We are committed to raising awareness of Lyme disease and to supporting those who are affected by what is a complex infection. We have a multidisciplinary expert group dedicated to Lyme disease that is part of the Scottish health protection network.
Last week, the chief medical officer wrote to all NHS Scotland health boards and general practitioner practices to highlight the important role that they play, not only in the early diagnosis and management of Lyme disease cases, but in promoting awareness among their patients of ticks and tick-borne infections.
The Public Petitions Committee has heard evidence from those with lived experience of the chronic debilitating effects of the disease, who said that their illnesses are not even being acknowledged. What can the Scottish Government do for those patients who are bitten by a tick, are infected with Lyme disease and multiple unidentified co-infections and who miss their early treatment window because of lack of recognition and then develop the chronic disease?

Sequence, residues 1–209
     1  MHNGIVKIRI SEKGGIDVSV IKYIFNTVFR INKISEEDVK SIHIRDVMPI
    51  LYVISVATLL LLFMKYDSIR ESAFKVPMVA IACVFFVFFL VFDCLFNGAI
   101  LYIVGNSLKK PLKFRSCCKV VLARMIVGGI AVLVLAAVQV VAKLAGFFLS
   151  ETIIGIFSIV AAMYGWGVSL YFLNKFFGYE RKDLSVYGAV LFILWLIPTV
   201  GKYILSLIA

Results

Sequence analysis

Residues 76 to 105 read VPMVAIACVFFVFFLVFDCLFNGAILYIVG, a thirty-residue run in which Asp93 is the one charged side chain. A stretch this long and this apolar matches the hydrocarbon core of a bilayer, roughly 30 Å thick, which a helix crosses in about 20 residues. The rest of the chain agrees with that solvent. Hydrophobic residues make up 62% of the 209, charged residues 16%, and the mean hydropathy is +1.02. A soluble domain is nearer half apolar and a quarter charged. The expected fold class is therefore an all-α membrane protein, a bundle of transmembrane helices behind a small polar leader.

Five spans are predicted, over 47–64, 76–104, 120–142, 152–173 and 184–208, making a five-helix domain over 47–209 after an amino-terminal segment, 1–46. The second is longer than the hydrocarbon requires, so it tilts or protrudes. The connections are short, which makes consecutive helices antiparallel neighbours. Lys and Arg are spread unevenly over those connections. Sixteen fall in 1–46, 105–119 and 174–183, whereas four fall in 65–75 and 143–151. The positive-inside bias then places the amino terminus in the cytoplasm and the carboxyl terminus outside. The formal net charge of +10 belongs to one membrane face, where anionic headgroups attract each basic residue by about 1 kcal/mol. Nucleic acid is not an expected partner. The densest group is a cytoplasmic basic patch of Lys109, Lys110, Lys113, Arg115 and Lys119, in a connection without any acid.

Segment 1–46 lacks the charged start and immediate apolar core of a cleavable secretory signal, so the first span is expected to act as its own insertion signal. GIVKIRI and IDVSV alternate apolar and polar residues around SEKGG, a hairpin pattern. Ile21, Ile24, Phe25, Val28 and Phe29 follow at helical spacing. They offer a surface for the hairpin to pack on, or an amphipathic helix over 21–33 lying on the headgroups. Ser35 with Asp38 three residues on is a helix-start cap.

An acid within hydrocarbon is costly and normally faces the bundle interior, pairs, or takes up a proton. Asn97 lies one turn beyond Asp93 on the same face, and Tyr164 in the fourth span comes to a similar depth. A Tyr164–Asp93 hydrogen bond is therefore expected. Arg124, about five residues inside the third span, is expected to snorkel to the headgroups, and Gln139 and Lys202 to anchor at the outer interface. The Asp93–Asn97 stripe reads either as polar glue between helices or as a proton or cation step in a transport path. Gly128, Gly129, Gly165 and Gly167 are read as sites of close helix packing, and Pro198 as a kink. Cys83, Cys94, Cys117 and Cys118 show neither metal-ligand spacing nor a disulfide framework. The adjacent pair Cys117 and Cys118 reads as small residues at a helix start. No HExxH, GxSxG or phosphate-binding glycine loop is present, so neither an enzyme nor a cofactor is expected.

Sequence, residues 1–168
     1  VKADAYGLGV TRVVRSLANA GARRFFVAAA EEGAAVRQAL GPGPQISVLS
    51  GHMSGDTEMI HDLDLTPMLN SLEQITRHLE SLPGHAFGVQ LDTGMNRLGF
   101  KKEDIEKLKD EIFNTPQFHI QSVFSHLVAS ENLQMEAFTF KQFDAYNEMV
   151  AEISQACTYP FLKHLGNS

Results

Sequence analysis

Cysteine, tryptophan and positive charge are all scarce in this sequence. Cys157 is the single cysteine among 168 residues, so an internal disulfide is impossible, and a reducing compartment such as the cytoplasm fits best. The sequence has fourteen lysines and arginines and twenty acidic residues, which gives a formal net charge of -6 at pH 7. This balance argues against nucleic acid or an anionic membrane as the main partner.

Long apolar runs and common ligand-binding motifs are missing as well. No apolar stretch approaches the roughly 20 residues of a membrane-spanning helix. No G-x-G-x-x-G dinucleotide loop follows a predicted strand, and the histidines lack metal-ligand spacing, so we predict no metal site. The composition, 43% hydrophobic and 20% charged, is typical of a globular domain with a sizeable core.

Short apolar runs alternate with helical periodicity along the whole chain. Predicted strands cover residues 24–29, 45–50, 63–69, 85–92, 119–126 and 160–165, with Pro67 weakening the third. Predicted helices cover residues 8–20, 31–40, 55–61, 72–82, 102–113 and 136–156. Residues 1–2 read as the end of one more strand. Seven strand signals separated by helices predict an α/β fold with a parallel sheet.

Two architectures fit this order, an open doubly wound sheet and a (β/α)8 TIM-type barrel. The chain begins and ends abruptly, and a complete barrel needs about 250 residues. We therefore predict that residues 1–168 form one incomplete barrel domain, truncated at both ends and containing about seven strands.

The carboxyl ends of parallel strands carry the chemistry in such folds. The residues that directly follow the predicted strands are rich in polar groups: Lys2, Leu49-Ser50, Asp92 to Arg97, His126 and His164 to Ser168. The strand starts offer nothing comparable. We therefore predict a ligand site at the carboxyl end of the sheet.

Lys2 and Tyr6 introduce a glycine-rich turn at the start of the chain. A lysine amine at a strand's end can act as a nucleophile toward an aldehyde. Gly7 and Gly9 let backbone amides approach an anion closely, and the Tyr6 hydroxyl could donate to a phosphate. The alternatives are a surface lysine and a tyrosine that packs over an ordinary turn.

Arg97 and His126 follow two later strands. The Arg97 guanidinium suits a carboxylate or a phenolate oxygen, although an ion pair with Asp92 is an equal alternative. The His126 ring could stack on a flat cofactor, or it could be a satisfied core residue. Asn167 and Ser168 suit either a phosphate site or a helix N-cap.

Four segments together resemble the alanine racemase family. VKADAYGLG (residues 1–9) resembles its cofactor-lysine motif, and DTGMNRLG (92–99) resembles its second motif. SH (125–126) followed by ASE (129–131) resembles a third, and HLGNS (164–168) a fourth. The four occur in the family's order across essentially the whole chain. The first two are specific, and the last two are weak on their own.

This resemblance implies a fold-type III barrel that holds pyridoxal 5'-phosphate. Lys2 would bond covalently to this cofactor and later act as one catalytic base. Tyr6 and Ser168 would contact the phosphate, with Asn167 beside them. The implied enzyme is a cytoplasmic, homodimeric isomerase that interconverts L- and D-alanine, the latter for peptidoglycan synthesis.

My initial answer set out what the Scottish Government is doing. Awareness in order to aid prevention is vital, which is why that will be a focus of the multidisciplinary group. We are making sure that front-line clinicians have the information that they need to diagnose, detect and therefore treat the illness. The letter that the chief medical officer wrote last week was designed to raise that awareness and to ensure that those working across our health service—particularly GPs—have the information and awareness that they need to ensure firstly prevention, but also early diagnosis and access to treatment for those affected.